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Marjorie P. Lee Senior Living Blog

Can the Right Movie Make a Difference for Seniors with Alzheimer’s?

We've previously discussed on this blog the potential memory-preserving benefit of listening to familiar music for seniors with Alzheimer's disease or other dementia spectrum disorders, and how memory care specialists are increasingly turning to music therapy as a method for promoting the conservation of cognitive function.

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A Year in Review: The Biggest Alzheimer's Developments of 2014

Dementia and cognitive disorders like Alzheimer's disease are of major concern to senior healthcare experts. Back in 1983, President Ronald Reagan designated November as National Alzheimer's Disease Awareness Month— a month dedicated to raising the public profile of Alzheimer's and other dementia sufferers, and also dedicated to promoting research on new treatment methods and more effective memory care measures.

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New Alzheimer's Research May Revolutionize Senior Health

Alzheimer's disease is a notoriously difficult cognitive disorder to deal with. For people in the advanced stages of the disease, little other than providing supportive care and memory care can be done — there is no known cure and, to date, no known medicine that could be given to reliably slow its advance.

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New Study Shows Women Suffer Disproportionately from Alzheimer’s

A 2014 poll conducted by the Alzheimer’s Association (following up on a 2010 poll it performed in association with The Shriver Report) found that women are more likely to feel the effects of Alzheimer's disease than men.

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Is the Call for Dementia Research in Senior Healthcare Being Heard?

With over 5 million Americans facing Alzheimer’s disease, it is no wonder that it is a disease that has been put in the senior healthcare spotlight as more and more prominent men and women in our country step up as advocates.

In February of 2014, comedian Seth Rogen sat before a U.S. Senate subcommittee to tell the story of how early onset dementia is affecting his family. With this address, Rogen joined a long list of famous names such as Penny Marshall, Maria Shriver and Bryant Gumbel in calling for more funds to go into research aimed at fighting the sixth leading cause of death in the United States.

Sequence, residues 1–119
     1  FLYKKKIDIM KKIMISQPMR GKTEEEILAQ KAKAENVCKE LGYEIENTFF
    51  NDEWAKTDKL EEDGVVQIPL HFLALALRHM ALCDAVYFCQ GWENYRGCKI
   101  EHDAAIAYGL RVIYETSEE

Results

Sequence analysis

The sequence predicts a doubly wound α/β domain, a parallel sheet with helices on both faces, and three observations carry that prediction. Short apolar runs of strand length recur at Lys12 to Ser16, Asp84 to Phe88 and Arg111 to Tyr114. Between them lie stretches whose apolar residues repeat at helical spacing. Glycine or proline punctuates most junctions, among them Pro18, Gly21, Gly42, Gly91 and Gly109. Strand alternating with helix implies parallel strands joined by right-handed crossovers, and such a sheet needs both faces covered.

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Town Shows How Senior Healthcare Can Revolutionize America

Across the country, more than 5 million men and women suffer from dementia, according to the Alzheimer’s Association. As the population ages, the agency predicts more than 7 million people will have the disease by 2025, representing a 40 percent increase. By 2050, the Alzheimer’s Association says that number could top 13.8 million, assuming no treatment has been found to prevent the disease or slow its progression.

National movements to make communities dementia-friendly is a concept that has taken hold in Europe, but has been slower to take root in the U.S. But some states, and individual communities, have begun to take matters into their own hands, creating their own programs and holding collaborative summits to share knowledge and gain a better understanding of the needs of people with dementia.

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Can an At-Home Test Detect Risk Factors for Senior Brain Fitness?

There’s a moment of stunned disbelief when a parent or spouse or other loved one is diagnosed with Alzheimer’s. Though you struggle with the diagnosis, you you’ve already noticed a few red flags— obvious memory loss or other indicators of cognitive decline.

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New Research Links Genetics to Brain Fitness for Seniors

The old wisdom surrounding brain fitness for seniors can best be summed up with the maxim— use it or lose it. To stay sharp, seniors were told that they must continually work to improve brain plasticity through lifestyle habits, exercise and environment.

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Traumatic Brain Injury and Alzheimer's in Senior Living


Did you know that if you’ve suffered a head injury earlier in life, you may be more likely to develop Alzheimer’s or another form of dementia in your senior living years?

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